What I learned about eating in Italy
Sharing what a recent trip to Italy taught me about meals, food, portion sizes and what it means to truly enjoy your food.
One of my favorite parts about traveling is, of course, the food.
Growing up, we weren’t the most adventurous family when it came to eating. We typically ate the same foods, but I still learned about lot of eating and health from my mom.
However, in high school my eating habits changed a bit. I think I can trace it back to when I got my own job (i.e. paycheck) and starting dating my boyfriend (now husband!) Dan. We loved going out to nice restaurants on the weekends. That slowly evolved into trying new foods, which eventually evolved from eating at a french restaurant in the city to actually eating in France.
Last month, we fulfilled our dream of going to the Tuscany Region of Italy together.
It was a trip beyond our expectations! Of course the food and wine were amazing, but I learned so much about the idea of “eating” from the people of Italy.
Eating in Italy
Italy is full of amazing tasting food. That is no surprise. However, the people of Italy view food as so much more.
- Eating is a celebration and shared with friends and family
- There is no rushing, it’s meant to be enjoyed and savored
- No matter the time of day, meals take between 1-3 hours
- Many dishes revolve around pasta, but the pasta is often made in-house, from scratch
- The special changes nightly, dependent upon the fresh catch of the day
- Produce is usually sourced locally
- They let the food and ingredients speak for itself. Salad isn’t drowning in ranch, it’s lightly dressed with amazing olive oil and fresh lemon. Pasta is often served with fresh tomatoes, a bit of parmesan cheese, fresh cracked pepper and olive oil.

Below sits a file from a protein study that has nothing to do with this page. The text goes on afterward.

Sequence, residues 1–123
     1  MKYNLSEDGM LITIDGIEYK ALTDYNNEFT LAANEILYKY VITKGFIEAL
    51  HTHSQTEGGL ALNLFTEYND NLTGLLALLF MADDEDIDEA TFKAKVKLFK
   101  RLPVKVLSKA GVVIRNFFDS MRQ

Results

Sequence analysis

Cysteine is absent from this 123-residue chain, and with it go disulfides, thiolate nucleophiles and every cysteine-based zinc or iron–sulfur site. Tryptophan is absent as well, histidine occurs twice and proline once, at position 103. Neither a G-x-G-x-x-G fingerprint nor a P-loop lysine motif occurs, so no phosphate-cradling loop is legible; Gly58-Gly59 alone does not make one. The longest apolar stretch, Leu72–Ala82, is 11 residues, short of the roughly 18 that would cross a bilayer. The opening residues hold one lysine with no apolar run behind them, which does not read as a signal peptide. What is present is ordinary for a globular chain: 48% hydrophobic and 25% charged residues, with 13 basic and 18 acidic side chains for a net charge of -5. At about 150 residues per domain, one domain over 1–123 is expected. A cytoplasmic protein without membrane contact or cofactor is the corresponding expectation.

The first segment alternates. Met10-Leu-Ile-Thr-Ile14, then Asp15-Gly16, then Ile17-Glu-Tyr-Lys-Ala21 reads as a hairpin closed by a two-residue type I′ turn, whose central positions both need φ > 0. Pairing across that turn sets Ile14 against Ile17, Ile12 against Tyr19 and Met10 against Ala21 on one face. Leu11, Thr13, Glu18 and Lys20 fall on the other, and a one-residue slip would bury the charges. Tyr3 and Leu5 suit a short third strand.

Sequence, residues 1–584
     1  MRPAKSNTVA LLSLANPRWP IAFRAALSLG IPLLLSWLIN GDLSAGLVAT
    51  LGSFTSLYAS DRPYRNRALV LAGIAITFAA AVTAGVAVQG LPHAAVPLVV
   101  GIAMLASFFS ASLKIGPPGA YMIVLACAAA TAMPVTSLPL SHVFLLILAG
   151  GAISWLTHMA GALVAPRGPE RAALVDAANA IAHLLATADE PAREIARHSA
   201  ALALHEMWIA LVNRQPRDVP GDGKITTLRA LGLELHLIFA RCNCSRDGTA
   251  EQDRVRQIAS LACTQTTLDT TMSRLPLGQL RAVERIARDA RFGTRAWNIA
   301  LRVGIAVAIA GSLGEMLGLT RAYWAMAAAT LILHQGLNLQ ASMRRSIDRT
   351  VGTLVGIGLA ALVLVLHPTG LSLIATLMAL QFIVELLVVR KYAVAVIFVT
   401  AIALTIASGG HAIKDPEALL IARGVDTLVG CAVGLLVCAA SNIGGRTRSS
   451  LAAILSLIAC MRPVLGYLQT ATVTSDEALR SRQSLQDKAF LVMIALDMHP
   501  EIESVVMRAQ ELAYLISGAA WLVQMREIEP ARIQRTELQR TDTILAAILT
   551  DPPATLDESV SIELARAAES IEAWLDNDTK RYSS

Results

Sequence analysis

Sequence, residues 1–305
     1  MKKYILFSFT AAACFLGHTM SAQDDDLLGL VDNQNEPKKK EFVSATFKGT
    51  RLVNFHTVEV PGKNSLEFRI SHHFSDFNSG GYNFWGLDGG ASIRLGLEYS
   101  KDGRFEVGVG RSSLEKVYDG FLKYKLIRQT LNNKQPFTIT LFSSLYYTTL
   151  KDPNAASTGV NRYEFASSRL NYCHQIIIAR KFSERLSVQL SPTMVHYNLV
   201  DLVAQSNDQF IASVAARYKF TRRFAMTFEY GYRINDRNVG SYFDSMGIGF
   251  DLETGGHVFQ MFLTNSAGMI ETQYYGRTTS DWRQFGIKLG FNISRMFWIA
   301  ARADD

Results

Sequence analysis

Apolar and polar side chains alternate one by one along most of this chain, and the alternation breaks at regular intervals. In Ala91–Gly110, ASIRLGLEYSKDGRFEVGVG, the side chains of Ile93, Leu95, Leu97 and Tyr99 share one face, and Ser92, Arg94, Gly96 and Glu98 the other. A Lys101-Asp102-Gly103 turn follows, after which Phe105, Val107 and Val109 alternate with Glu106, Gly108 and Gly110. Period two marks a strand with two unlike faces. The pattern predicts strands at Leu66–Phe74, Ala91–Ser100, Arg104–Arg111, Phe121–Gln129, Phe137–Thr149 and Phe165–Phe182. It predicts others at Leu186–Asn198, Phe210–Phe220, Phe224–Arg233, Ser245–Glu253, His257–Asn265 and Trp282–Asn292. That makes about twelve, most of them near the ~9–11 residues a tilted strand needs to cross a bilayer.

- Dinner is typically 3 courses: appetizer, entree, dessert
- Appetizers are typically fresh salads drizzled with olive oil or steamed fish with fresh herbs and flavors. Nothing fried, breaded, dripping in cheese, etc.
- Entrees are the main course and nothing but the main course. No sides, additions, or extras. Just the main course in all it’s delicious, indulgent glory.
- Entree portion sizes are appropriate – about 1 cup of pasta, a 5 oz steak. Enough to delight your taste buds without leaving you busting the button on your pants.
- Desserts are rich, decadent and delicious but small and often shared
- There wasn’t a lot of snacking going on in Italy
- People ate breakfast, lunch and dinner but rarely anything in between
- Even at the beach we went to, the people there socialized, maybe had a cocktail and swam. No one had a bag full of chips, candy, or other junk food.
- People in Italy walk everywhere. The cities we went to were compact enough that you could walk and still see everything
- One of my favorite things to do was walk home after a long, leisurely dinner. It was so much nicer to move around than just get in a car and drive back home like we do here
- At the beach, everyone swam. Everyone. Babies, kids, moms, dads, even grandpa and grandmas. That’s just what you do when you are at the beach.
- If you ask anyone for directions, they automatically tell you how many blocks you have to walk. It’s just assumed that your mode of transportation is walking.
I love a culture that’s passionate about food.
The people we met in Italy loved to talk, live, cook and eat amazing food.
Teaching My Children about Food & Culture
Meals were shared and celebrated. Children grow up learning about cooking and food at a young age. I can’t wait to bring my kids next time and get them started learning about other countries and cuisine thru travel. In the meantime, I absolutely love the idea behind the blog Wanderspice. They are exposing their little ones to different cultures and food but while at home! Making recipes from around the world in their very own kitchen…there pictures and recipes are stunning!
Have you ever been to Italy? I highly recommend a trip and can’t wait to go back myself!